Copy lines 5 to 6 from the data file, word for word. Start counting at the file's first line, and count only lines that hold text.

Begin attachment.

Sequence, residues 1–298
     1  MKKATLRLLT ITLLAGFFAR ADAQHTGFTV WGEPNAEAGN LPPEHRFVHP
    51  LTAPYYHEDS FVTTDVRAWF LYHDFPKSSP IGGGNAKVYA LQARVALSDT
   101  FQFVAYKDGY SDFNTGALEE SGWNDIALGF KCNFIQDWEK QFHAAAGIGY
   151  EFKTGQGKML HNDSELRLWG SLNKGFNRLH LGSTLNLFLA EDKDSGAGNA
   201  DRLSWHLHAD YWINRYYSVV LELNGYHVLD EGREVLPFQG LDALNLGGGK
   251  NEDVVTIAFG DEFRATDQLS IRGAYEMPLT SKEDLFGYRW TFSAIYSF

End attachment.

   151  EFKTGQGKML HNDSELRLWG SLNKGFNRLH LGSTLNLFLA EDKDSGAGNA
   201  DRLSWHLHAD YWINRYYSVV LELNGYHVLD EGREVLPFQG LDALNLGGGK